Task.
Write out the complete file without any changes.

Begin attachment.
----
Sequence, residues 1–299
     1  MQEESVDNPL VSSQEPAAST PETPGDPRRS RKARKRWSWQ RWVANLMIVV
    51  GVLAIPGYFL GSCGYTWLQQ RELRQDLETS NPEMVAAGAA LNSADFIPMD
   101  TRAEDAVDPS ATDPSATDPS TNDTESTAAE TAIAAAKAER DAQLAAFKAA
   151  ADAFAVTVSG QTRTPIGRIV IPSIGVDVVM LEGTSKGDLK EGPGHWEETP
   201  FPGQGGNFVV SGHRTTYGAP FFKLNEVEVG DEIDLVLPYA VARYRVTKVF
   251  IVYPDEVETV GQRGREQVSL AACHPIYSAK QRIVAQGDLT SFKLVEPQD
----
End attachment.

Sequence, residues 1–299
     1  MQEESVDNPL VSSQEPAAST PETPGDPRRS RKARKRWSWQ RWVANLMIVV
    51  GVLAIPGYFL GSCGYTWLQQ RELRQDLETS NPEMVAAGAA LNSADFIPMD
   101  TRAEDAVDPS ATDPSATDPS TNDTESTAAE TAIAAAKAER DAQLAAFKAA
   151  ADAFAVTVSG QTRTPIGRIV IPSIGVDVVM LEGTSKGDLK EGPGHWEETP
   201  FPGQGGNFVV SGHRTTYGAP FFKLNEVEVG DEIDLVLPYA VARYRVTKVF
   251  IVYPDEVETV GQRGREQVSL AACHPIYSAK QRIVAQGDLT SFKLVEPQD